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Onboarding is a Process NOT an Event

Michael Clegg | 10/21/2019

Most companies are making key hires multiple times annually.  With historically low unemployment rates, the demand for retention is at a record high. A successful onboarding practice can get the process of retention started.  How many companies are paying attention to their onboarding practices? What is onboarding?  Most employers treat onboarding as an event versus the reality of it being a process.  In fact, onboarding should be defined over a period of months, not days.  The cost of nurturing employee relationships is high but the cost of not nurturing those employee relationships is higher.

The overall goal for employers is to retain good employees and that begins, well, at the beginning. Successfully onboarding new hires can lower the chances of losing great talent. Does onboarding affect turnover? Yes! According to a Harvard Business Review (HBR) article, Technology Can Save Onboarding from Itself, about 17% of new hires walk away during the first 90 days on a new job,  22% within the first 45 days and 33%  within their first 6 months largely a result of a poor onboarding experience. Why is this important? Because turnover is much more expensive than companies realize. The actual cost of replacing the average employee ranges between 20-80% of their salary depending on the level of the role.

According to a Society of Human Resources Management (SHRM) article, statistics compiled from Click Boarding, an onboarding software company, showed that 69% of employees are more likely to stay with a company for three years if they experience great onboarding.  There are no second chances on making a first impression.  The total experience does matter, and it leaves a lasting impression.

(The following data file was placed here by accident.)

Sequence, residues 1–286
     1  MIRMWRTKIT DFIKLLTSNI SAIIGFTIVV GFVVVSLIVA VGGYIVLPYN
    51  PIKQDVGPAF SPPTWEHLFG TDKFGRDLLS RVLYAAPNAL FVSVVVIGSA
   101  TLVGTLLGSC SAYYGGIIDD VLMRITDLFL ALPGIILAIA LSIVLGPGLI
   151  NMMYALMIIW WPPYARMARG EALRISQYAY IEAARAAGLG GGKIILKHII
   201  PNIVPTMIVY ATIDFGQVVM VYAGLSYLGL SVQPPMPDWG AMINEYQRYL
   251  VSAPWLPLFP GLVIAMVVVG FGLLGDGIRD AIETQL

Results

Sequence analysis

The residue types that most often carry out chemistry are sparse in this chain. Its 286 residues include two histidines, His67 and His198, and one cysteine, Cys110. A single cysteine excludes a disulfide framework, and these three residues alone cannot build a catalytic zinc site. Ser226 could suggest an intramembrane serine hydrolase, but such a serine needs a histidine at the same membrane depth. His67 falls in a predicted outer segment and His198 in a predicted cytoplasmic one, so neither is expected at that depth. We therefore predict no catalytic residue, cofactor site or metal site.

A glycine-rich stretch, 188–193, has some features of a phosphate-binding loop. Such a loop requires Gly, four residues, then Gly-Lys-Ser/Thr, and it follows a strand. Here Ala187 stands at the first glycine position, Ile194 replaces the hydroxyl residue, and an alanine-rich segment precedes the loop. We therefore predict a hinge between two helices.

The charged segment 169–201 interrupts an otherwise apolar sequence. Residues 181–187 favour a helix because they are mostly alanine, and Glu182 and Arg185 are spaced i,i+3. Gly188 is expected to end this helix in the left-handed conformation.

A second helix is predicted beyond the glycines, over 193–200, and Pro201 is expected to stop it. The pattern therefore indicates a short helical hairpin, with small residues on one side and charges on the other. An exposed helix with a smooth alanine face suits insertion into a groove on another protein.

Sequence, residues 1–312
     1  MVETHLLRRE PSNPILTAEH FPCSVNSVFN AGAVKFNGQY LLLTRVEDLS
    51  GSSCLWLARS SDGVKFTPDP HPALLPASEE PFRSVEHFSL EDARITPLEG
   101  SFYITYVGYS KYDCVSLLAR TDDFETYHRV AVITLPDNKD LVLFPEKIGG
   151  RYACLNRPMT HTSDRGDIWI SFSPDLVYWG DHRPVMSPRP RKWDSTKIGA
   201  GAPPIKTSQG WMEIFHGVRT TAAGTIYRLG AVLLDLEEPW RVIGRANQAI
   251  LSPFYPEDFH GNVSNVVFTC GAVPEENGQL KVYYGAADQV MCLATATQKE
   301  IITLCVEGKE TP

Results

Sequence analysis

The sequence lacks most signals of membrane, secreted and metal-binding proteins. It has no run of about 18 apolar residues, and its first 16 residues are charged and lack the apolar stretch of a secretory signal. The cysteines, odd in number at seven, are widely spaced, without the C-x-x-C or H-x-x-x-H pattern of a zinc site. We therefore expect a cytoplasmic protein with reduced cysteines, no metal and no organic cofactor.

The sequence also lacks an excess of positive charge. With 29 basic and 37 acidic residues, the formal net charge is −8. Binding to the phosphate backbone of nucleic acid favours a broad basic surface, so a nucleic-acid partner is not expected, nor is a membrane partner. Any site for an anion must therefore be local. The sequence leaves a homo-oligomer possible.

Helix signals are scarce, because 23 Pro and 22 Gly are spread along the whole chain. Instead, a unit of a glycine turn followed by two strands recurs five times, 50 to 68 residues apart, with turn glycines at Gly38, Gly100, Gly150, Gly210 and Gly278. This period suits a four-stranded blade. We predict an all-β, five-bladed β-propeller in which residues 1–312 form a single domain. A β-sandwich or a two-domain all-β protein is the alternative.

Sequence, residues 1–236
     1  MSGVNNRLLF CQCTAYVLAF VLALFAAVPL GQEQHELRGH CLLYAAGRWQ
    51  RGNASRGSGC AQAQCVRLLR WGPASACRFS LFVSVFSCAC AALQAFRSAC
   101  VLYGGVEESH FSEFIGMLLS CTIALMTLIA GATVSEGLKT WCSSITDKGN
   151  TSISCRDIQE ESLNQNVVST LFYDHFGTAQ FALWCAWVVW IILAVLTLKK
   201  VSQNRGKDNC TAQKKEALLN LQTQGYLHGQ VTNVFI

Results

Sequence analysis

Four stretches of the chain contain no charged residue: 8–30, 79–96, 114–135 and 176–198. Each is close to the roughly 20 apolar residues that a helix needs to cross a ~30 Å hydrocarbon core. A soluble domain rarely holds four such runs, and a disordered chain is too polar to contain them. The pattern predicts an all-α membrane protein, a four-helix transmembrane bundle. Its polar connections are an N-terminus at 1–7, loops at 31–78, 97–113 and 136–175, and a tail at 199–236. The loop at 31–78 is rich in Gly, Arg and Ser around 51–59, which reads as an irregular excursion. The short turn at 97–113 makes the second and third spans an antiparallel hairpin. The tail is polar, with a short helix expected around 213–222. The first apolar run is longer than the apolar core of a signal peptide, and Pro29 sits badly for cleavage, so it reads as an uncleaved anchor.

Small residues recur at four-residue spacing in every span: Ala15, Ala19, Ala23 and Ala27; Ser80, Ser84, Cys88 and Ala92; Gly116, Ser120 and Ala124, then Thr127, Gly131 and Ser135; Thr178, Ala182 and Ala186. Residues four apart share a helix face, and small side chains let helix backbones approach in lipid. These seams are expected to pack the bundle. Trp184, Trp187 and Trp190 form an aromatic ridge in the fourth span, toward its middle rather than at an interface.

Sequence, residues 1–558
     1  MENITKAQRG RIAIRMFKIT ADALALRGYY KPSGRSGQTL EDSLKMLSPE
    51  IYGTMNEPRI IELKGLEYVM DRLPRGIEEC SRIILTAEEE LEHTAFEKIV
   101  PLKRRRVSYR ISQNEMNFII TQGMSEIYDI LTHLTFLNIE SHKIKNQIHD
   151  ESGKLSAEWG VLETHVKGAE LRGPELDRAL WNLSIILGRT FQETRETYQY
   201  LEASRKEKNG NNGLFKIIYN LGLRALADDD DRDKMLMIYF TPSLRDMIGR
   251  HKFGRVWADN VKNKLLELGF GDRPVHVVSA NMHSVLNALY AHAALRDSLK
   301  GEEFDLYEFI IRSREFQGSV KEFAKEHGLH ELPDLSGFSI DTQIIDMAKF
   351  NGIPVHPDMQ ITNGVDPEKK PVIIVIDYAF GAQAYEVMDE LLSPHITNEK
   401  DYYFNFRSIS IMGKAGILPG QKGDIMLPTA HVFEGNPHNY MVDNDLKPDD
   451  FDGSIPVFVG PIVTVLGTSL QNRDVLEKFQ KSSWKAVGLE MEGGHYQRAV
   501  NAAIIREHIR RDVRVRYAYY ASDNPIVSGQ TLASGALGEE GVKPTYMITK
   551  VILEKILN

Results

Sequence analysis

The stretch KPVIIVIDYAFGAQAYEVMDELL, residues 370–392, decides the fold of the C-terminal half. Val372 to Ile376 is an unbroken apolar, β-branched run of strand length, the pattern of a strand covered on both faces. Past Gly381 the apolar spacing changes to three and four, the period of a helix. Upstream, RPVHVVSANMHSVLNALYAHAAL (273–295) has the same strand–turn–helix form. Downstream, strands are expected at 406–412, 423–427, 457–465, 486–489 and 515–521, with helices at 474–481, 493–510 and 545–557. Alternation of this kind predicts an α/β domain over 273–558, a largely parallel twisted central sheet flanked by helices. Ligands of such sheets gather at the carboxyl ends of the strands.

There is evidence that shows over 90% of employers agree that onboarding is very important in the hiring process, yet 1/3 of employees say they did not have a great experience.  Onboarding is where the employee is at a crossroads of being engaged or disengaged.  There is plenty of data that speaks to lack of engagement and employee performance and attrition.

So, what are some ways to ensure a good onboarding experience? Below are some key areas of focus to ensure that onboarding is hitting the major areas that matter to each employee:

  1. Engage prior to Day 1
  2. Company culture
  3. Healthcare, technology, benefits and other company perks
  4. Set short term goals to achieve early wins
  5. Career Development and provide structure in how to be successful in their role
  6. Formal introductions to other team members
  7. Assessment of employee and manager
  8. Formal mentorship program or a collaborative partner
  9. Scheduled 1×1 time with their direct report
  10. Frequent check-ins and opportunities to receive feedback

Another important aspect of onboarding is related to the relationship between employee and the boss.  Simple assessments can be used to start the conversation as they get to know one another.  Often, the discussions are more in line with their personal lives, rather than their behaviors at work or certain preferences they may have.   As an example,  if you have someone like myself who tends to leave details out of the conversation due to having a sense of urgency just to get to the end result, versus an employee who is detail oriented, some challenges could occur quickly in the relationship.  If the differences are never addressed, it could cause some serious issues with retention.  Learning how to communicate with each other is a great way to add to having a successful onboarding experience.

While researching this topic, one of the more interesting points was that of “Social Onboarding,” which improves engagement levels of new hires. Keep in mind; new hires can experience isolation due to being in a new environment with a bunch of strangers.  One way to avoid this issue is for new hires, in partnership with their managers, to identify new co-workers whose success they will help contribute to, or who will help contribute to their own success.  Building social capital with teammates daily drives a sense of community.  Being socially accepted is a key factor to newcomer success.

By viewing the entire process from a new employee’s viewpoint, companies will better understand the areas of importance, the areas that need improvement and the areas that will ultimately lead to a good overall experience increasing the likelihood of retention. Companies that integrate the above focal points will be will on their way to creating a highly engaged, satisfied workforce from day one.

Written By: Michael Clegg, The Q Works Group